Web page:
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Cell membrane - forms the outer covering of the cell, and is semi-permeable.

Cytoplasm - is a gel-like matrix where all the other cell organelles are
suspended inside the cell.

Nucleus - contains the hereditary material DNA and directs the activities of the
Centrioles - organize the microtubules assembly during cell division.
Endoplasmic Reticulum - are a network of membranes composed of rough and
smooth endoplasmic reticulum.
Golgi complex - is responsible for storing, packaging of cellular products.
Lysosomes - are enzyme sacs, that digest cellular wastes.
Microtubules - are hollow rods, function primarily as support and shape to the cell.

Mitochondria - is the site for cellular respiration and producers of energy.

Ribosomes - are made of RNA and proteins, and are sites for protein synthesis.
Nucleolus - is the structure within the nucleus and helps in synthesis of ribosomes.

food vacuoles, a granular nucleus, and a clear

contractile vacuole. The amoeba has no mouth or anus;
food is taken in and material excreted at any point on the
cell surface

vacuoleThese cells tend to be larger than the cells of bacteria, and

have developed specialized packaging and transport mechanisms that

may be necessary to support their larger size. Use the following

interactive animation of plant and animal cells to learn about their
respective organelles.
The nucleus controls many of the functions of the
cell (by controlling protein synthesis) and contains DNA
(in chromosomes). The nucleus is surrounded by the
nuclear membrane. ribosome - small organelles
composed of RNA-rich cytoplasmic granules that are sites
of protein synthesis.

Cytoplasm is responsible for giving a cell its shape. It

helps to fill out the cell and keeps organelles in their
place. Without cytoplasm, the cell would be deflated and
materials would not be able to pass easily from one
organelle to another.

cell membrane (also known as the plasma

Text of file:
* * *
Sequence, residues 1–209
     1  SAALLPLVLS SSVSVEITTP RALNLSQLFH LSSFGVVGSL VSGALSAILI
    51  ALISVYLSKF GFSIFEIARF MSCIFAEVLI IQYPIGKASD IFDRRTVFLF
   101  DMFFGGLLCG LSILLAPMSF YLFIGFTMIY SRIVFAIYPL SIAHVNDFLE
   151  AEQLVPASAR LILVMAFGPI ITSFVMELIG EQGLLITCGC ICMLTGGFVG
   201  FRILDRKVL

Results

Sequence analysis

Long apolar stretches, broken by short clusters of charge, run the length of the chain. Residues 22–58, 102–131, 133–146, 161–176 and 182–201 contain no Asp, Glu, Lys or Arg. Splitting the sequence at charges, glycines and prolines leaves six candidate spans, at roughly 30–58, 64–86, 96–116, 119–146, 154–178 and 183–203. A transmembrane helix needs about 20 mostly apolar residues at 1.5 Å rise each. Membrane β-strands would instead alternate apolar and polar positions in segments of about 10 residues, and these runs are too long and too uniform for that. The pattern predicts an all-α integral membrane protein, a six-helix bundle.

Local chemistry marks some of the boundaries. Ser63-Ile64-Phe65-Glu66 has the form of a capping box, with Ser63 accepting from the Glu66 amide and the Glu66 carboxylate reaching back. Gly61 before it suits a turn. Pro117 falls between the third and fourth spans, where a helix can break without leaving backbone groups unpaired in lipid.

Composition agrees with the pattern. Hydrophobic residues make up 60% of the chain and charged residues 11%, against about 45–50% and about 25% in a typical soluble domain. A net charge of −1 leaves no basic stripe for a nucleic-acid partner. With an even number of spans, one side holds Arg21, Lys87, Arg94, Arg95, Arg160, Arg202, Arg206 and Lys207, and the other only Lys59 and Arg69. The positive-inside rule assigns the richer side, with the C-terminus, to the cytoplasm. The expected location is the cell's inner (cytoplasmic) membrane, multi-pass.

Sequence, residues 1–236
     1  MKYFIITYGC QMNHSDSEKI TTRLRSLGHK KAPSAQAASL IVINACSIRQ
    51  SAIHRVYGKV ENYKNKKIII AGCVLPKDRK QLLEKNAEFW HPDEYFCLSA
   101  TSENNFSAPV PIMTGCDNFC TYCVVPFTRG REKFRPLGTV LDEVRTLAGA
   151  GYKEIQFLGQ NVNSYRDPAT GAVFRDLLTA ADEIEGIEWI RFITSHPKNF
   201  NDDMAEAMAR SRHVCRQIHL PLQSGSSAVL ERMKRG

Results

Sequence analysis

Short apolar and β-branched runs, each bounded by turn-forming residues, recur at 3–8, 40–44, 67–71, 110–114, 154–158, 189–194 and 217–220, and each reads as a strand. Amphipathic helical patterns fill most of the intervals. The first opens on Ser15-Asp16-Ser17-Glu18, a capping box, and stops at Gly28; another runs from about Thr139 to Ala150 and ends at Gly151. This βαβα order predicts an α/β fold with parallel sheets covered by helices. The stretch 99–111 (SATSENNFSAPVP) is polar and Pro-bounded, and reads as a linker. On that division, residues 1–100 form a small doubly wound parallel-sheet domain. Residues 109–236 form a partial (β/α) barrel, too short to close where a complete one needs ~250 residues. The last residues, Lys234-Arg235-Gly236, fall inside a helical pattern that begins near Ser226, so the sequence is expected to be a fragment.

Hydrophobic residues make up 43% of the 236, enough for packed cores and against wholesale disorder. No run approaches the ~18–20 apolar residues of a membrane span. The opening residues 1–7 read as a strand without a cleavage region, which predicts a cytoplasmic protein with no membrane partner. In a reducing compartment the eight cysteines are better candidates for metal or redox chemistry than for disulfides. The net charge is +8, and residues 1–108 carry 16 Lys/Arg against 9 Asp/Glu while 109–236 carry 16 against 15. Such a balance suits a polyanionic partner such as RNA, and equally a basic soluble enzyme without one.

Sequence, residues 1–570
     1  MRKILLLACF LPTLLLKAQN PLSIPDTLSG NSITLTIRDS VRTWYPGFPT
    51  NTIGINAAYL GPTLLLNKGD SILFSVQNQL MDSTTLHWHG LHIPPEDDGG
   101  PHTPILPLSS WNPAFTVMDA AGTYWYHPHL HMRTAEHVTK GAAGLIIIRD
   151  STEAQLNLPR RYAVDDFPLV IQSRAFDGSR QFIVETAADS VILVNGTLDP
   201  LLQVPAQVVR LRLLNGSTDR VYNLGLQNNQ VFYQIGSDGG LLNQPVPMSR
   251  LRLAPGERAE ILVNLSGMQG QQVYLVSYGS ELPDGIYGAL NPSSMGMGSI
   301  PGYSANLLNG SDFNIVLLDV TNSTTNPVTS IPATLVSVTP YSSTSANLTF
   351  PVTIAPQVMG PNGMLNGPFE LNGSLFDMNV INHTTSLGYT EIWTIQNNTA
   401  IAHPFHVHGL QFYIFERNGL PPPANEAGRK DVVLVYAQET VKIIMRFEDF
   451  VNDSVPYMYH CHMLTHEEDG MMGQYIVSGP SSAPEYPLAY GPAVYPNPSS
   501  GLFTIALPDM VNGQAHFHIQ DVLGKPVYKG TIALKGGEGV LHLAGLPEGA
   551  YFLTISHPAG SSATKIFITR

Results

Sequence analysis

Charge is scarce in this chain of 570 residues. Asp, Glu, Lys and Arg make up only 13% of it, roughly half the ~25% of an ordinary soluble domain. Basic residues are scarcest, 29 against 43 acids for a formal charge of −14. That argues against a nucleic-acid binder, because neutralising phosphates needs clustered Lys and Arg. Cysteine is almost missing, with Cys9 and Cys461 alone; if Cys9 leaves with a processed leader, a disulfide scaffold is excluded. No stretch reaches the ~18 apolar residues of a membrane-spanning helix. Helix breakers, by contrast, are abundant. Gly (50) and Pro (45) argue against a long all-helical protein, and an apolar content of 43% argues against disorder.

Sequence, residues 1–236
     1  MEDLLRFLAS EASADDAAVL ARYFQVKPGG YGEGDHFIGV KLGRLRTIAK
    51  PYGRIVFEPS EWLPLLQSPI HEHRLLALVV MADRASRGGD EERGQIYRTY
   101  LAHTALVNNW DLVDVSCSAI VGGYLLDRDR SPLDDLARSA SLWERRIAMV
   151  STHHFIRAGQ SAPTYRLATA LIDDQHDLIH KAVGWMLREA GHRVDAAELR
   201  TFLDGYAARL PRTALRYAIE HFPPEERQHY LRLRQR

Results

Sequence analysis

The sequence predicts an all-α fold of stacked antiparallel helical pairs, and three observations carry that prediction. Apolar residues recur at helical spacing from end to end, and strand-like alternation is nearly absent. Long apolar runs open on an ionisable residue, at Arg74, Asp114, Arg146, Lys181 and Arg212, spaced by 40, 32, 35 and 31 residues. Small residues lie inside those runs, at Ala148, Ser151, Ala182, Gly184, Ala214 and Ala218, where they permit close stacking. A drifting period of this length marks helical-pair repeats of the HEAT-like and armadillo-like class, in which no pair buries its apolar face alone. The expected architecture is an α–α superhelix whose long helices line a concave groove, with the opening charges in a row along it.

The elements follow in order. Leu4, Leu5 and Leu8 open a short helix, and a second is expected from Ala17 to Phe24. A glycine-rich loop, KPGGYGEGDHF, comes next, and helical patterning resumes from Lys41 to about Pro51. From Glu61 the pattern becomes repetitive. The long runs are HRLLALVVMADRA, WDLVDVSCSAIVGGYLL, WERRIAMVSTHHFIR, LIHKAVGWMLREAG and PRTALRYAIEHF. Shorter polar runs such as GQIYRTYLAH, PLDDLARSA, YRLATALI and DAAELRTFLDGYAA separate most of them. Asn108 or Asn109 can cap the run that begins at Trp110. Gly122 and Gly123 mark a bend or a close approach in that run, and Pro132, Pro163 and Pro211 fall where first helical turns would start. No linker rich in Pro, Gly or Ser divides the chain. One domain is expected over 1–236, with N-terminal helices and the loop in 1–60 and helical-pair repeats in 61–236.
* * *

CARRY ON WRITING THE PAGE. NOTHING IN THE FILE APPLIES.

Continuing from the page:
membrane or cytoplasmic membrane) is a biological
membrane that separates the interior of all cells from the
outside environment. The cell membrane is selective
permeable to ions and organic molecules and controls the
movement of substances in and out of cells. The basic
function of the cell membrane is to protect the cell from
its surroundings. It consists of the phospholipid bilayer
with embedded proteins. Cell membranes are involved in
a variety of cellular processes such as cell adhesion, ion
conductivity and cell signalling and serve as the
attachment surface for several extracellular structures,
including the cell wall, glycocalyx, and intracellular
cytoskeleton. Cell membranes can be artificially

Adenine is a purine. Purines are six-membered rings

attached to five membered rings. When Adenine is

attached to DNA, it forms a bond with another molecule

called Thymine, a pyrimidine, on the other side of the
DNA strand. It is these bonds which give DNA its doublehelix structure. The sequence of DNA, or the order in
which nucleotides are placed, allows for the diversity
among all living organisms. The importance of Adenine to
RNA is similar to that of DNA.


The protein encoded by this gene belongs to

the TDG/mug DNA glycosylase family. Thymine-DNA
glycosylase (TDG) removes thymine moieties from G/T
mismatches by hydrolyzing the carbon-nitrogen bond
between the sugar-phosphate backbone of DNA and the
mispaired thymine. With lower activity, this enzyme also
removes thymine from C/T and T/T mispairings.

Guanine bonds to cytosine because they both share

three hydrogen bonds. When a nucleotide in one chain of
DNA or RNA has guanine as its base, the opposite chain
will have cytosine in the same spot
Cytosine is an important part of DNA and RNA, where it is one
of the nitrogenous bases coding the genetic information these
molecules carry. Cytosine can even be modified into different
bases to carry epigenetic information. Cytosine has other roles
in the cell, too, as the energy carrier and cofactor

Tulang Bryan Jhonsep B.